Get ready for virtualization to affect you, too

VMware CTO Stephen Herrod

VMware CTO Stephen Herrod

(Credit: Screenshot by Stephen Shankland/CNET)
SAN FRANCISCO–If the average person has heard of virtualization at all, the idea probably left little impression beyond something to do with running corporate data centers packed with computing hardware.

But the era in which virtualization directly affects ordinary folks, too, is on its way.

The company in the forefront of the technology, an EMC subsidiary called VMware, drew 12,488 people to its VMworld conference here this week, and one theme of the show was the growing push to move the technology beyond the server realm. Initially that means PCs, but the company demonstrated its technology on mobile phones, too.

What is virtualization? Simply put, it lets a single computer run multiple operating systems at the same time in compartments called virtual machines. Each instance of an operating system runs on a virtualization layer rather than on the actual computer hardware. The company in charge of that foundational layer has tremendous power in the computing industry.

VMware has competition from Citrix, Red Hat, Microsoft, and others, but for now its head start, corporate alliances, and solid technology give it a lead in the market. Most of VMware’s business comes from virtualizing servers, which lets companies replace a host of largely idle machines with one that’s running full tilt, but the company is working to expand into many new markets.

Employee-owned IT
Before it met its present success in the server market, VMware got its start on PCs. Virtualization proved useful, for example, for developers who wanted to switch rapidly among different versions of an operating system to test their software or different versions of a browser to test their Web pages. VMware also can help people run Windows, Linux, and Mac OS X on the same machine–but again, that’s not a mainstream need.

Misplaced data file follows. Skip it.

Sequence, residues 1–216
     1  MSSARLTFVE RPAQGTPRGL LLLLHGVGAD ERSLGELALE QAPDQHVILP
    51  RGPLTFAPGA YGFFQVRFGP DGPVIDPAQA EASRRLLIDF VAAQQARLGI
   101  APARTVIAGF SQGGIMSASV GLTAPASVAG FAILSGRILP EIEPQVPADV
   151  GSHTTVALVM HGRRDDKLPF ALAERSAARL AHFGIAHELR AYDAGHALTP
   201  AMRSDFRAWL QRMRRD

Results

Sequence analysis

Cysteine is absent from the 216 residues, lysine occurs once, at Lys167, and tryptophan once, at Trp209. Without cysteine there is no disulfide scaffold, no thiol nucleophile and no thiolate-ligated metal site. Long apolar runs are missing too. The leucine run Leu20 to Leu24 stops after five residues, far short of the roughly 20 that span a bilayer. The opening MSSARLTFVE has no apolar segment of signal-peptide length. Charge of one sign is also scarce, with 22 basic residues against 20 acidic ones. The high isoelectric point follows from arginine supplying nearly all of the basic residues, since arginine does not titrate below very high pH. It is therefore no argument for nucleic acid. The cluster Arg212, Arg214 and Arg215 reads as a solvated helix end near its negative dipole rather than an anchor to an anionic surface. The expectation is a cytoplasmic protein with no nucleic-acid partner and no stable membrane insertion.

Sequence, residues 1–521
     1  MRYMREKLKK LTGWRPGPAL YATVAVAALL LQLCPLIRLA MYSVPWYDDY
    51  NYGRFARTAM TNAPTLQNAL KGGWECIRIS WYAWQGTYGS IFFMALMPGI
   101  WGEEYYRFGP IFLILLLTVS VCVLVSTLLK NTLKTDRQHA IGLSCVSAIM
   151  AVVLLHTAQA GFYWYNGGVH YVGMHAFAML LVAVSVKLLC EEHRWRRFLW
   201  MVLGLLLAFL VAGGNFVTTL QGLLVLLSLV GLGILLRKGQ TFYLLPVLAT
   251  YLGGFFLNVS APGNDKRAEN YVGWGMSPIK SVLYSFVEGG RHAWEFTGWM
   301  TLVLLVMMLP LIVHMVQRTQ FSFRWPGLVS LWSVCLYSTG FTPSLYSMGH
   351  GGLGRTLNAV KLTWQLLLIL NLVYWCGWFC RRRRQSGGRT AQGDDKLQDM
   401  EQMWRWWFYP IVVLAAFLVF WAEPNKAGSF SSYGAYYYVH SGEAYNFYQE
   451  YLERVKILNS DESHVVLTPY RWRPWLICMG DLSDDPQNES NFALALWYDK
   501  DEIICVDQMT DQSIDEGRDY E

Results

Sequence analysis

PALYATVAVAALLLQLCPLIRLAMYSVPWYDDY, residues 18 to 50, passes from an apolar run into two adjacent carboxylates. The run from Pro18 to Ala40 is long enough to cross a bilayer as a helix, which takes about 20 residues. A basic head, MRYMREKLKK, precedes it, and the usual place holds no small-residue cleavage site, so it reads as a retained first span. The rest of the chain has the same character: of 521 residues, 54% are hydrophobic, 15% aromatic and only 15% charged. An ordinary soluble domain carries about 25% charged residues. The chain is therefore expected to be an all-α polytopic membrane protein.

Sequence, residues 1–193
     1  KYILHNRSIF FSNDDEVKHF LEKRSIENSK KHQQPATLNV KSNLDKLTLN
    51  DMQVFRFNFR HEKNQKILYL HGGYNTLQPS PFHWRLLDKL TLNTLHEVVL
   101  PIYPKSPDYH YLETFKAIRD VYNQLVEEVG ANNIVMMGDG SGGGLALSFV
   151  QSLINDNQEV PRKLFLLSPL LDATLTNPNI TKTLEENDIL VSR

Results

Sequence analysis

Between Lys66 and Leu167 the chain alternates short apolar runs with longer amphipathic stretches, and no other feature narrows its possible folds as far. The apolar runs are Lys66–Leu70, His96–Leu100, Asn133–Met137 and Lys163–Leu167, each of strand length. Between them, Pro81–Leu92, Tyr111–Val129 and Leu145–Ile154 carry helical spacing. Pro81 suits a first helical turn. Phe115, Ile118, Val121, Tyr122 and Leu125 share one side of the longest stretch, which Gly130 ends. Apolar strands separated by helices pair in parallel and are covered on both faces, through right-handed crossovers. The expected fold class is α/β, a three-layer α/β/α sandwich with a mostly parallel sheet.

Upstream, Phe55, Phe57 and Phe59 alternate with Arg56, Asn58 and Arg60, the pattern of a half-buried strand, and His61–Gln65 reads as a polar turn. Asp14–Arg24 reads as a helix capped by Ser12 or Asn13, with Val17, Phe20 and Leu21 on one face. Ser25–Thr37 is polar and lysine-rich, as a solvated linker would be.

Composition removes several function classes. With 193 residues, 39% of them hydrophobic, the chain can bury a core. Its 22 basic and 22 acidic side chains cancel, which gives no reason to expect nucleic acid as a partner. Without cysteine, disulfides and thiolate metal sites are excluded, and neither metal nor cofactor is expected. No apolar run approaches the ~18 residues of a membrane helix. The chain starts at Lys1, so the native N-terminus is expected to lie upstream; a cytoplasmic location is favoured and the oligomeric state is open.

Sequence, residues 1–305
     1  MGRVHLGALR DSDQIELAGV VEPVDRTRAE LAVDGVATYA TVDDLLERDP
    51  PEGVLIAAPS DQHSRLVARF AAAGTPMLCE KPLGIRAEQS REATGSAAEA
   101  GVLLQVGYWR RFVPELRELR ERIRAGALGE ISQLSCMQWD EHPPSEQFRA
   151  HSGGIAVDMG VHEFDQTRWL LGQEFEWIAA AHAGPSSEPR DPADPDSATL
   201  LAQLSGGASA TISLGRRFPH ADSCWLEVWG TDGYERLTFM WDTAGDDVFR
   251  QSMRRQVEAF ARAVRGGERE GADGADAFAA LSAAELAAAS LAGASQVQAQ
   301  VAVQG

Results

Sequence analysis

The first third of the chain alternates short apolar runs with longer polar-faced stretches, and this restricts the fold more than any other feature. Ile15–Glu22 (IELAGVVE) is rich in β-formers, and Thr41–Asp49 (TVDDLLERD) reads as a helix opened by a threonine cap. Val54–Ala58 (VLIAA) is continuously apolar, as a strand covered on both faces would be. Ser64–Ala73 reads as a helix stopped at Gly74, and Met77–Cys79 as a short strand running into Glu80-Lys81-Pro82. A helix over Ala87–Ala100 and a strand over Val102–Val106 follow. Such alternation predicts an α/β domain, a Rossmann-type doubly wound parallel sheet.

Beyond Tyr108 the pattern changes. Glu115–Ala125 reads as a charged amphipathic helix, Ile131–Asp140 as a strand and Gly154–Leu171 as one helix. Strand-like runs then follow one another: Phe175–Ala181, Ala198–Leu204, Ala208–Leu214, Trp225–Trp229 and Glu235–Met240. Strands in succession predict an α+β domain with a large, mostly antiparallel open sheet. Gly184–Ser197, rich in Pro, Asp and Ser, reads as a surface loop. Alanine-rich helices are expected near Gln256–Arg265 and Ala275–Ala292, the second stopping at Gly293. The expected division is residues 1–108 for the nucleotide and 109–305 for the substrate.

But as VMware sees it–and I think there’s some merit to this belief–virtualization could become more widely used as a way to smooth the differences between people’s own computer preferences and their employers’ needs.

In the “employee-owned IT” vision, virtualization could let people put a corporate-managed virtual machine on an personal computer. The corporate partition would run only company-approved applications and could connect to the company network; the personal half could run the chaos of other programs that cause corporate IT folks to grind their teeth.

VMware has a technology–formerly called Virtual Desktop Infrastructure and now sporting the more palatable name of VMware View–that also could fit into this idea. With it, the brains of a PC actually run on a central server, with a person’s local machine serving as a mechanism to show the display and capture mouse clicks and keystrokes. So an employee’s corporate PC could actually be housed at the corporate and piped over the Net to wherever the employee happens to be.

VMware’s View demonstration featured graphics acceleration using Microsoft’s DirectX 3D graphics and full-motion video–albeit a with some jerkiness. Hardware support in newer Intel and AMD processors also speeds virtualization performance.

VMware View is latest twist on a technology called thin client computing. That approach has found a solid niche in some large businesses but that never has caught on widely. In my opinion, though, the greater challenge comes from an entirely different way of attaining the same centralized goals: cloud computing.

Cloud computing, in which applications run over the Web in Web browsers rather than natively on PCs, provides another way to provide access to corporate resources. It can’t do everything, but it’s gradually maturing as a way to run software. And it has the advantage of requiring only a modern browser rather than VMware’s software.

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